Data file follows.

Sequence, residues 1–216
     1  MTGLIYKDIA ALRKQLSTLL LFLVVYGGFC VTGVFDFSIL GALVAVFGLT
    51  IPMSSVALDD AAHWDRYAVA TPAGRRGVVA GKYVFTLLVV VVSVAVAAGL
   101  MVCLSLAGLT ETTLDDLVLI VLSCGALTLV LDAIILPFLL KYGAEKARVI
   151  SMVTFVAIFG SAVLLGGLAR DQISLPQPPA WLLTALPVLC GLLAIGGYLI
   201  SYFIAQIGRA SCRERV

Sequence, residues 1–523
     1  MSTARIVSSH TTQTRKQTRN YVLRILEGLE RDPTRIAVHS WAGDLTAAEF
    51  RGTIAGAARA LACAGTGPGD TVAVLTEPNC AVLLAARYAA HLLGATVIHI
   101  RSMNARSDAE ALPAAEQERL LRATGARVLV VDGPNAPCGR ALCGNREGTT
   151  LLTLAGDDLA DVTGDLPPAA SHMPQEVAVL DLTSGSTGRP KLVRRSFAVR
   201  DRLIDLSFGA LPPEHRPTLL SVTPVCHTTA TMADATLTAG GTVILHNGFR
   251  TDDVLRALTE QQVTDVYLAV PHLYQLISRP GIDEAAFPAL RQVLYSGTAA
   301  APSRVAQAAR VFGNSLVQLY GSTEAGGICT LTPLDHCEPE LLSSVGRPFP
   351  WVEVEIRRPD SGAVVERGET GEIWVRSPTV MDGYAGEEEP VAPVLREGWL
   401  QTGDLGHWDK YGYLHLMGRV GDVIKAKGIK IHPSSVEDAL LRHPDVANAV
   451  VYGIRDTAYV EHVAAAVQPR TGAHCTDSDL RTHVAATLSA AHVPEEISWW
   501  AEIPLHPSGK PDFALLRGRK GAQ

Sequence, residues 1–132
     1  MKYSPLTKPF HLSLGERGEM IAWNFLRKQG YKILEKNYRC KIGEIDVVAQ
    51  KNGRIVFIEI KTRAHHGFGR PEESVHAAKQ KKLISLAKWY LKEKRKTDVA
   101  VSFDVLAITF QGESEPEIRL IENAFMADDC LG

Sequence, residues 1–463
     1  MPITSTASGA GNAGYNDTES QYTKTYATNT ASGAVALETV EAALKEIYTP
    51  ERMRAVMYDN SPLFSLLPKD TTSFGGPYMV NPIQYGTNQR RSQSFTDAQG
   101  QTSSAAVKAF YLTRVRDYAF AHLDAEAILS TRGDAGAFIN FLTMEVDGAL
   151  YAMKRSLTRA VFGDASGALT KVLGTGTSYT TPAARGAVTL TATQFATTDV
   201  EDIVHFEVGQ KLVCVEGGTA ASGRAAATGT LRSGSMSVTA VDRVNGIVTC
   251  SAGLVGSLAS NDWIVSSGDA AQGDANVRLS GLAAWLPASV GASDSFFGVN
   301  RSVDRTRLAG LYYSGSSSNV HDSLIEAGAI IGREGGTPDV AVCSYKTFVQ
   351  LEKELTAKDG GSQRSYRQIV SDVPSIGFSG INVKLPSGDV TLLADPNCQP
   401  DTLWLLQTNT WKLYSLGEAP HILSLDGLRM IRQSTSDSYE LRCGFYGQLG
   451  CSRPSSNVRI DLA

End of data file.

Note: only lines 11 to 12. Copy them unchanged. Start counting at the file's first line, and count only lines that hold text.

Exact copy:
   151  LLTLAGDDLA DVTGDLPPAA SHMPQEVAVL DLTSGSTGRP KLVRRSFAVR
   201  DRLIDLSFGA LPPEHRPTLL SVTPVCHTTA TMADATLTAG GTVILHNGFR